“And do you anticipate civil war?”
“ Yes, such a civil war as the world has never witnessed.* The devil of slavery must go out of us, and as it is the worst of all the devils that ever afflicted mankind, it can go out only through unprecedented convulsions and tearings and agonies. The North must suffer as well as the South, for the North shares in the guilt of slavery, and there are thousands of men there who shut their eyes to its enormities. Believe me, their are high spiritual laws underlying national offences; and the Nemesis that must punish ours is near at hand. Slavery must be destroyed, and war is the only instrumentality that I can conceive of energetic enough to do it. Through war, then, must slavery be destroyed."
" And I care not how soon!” said Vance. Then, lowering his tone, he remarked : “ Have you not been imprudent in confiding your views to a stranger, who could have you lynched at the next landing-place by reporting them ? "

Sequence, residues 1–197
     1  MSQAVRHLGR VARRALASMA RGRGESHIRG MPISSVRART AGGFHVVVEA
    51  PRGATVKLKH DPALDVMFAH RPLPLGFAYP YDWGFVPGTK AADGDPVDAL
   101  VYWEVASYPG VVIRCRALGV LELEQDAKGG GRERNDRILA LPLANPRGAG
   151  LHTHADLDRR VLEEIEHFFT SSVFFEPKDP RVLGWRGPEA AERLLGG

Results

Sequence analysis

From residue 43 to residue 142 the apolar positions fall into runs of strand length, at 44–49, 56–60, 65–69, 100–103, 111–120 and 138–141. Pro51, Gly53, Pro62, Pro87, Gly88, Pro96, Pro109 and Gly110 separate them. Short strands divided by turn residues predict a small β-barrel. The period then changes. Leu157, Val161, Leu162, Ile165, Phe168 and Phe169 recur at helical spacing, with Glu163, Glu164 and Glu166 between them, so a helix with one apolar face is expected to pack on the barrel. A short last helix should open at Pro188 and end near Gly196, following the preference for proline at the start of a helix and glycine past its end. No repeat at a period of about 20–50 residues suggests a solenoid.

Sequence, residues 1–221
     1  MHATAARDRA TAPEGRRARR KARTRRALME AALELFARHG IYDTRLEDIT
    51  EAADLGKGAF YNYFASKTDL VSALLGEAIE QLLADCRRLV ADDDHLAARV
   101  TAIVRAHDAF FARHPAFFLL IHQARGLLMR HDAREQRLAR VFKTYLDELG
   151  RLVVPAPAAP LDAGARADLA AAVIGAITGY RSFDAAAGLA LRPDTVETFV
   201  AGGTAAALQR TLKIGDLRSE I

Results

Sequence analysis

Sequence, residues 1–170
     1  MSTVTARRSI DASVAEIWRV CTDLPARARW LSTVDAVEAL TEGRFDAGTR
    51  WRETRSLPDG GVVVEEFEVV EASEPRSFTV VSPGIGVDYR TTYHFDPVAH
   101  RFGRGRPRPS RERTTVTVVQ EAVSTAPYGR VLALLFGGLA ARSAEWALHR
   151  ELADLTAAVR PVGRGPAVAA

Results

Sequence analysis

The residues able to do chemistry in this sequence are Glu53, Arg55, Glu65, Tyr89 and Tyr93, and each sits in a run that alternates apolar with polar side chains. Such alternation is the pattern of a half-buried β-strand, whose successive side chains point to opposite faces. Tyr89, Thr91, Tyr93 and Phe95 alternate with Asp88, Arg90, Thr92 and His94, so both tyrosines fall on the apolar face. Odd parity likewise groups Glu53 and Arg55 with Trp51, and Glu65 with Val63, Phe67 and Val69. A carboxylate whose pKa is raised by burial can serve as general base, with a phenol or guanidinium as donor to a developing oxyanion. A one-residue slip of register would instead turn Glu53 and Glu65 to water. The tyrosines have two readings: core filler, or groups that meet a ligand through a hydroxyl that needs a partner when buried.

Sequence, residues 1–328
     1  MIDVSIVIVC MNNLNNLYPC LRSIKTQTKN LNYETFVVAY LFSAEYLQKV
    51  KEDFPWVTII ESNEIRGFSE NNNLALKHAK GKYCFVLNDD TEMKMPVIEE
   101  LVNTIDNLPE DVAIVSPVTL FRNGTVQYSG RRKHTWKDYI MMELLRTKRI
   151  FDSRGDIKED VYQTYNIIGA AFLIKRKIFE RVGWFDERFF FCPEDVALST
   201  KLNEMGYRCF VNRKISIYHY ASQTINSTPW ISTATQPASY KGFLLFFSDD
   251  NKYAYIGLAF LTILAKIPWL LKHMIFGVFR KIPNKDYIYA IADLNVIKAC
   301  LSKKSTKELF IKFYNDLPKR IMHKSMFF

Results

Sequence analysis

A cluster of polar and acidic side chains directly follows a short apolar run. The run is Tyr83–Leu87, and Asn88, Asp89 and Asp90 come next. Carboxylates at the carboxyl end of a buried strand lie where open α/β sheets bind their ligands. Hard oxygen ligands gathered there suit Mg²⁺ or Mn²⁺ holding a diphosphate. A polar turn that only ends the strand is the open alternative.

Perhaps. But I bide the risk; you have not been so shrewd an actor, sir, that I have not seen behind the mask.”
Vance started at the word actor, then said, looking up at the stars : “ What a beautiful night! Does not the Champion seem to be gaining on us ? ”
“I have been thinking so for some minutes,” replied Onslow. “ Good night, Mr.
Excuse me. I have n't the pleasure of knowing your name.”
“ And yet we have met before, Mr. Onslow, and under circumstances that ought to make me remembered.” “ To what do you
allude ?” I was once brought before you for horse-stealing, and, what is more, you found me guilty of the charge, and rightly."
“ Then my recollection was not at fault, after all !” exclaimed Onslow, astonished. “ But were you indeed guilty ?”
“I certainly took a horse, but it was a case of necessity. A friend of mine, a colored man, in defence of his liberty, had wounded his master, so called, and was flying for life. To save him I robbed the robber, — took his horse and gave it to his victim, enabling the latter to get off safely. The fact of my taking the horse was clearly proved, but my motive was not discovered. If it had been, Judge Lynch would surely have relieved
* This prediction was merely one among many hundred such which every reader of newspapers will remember.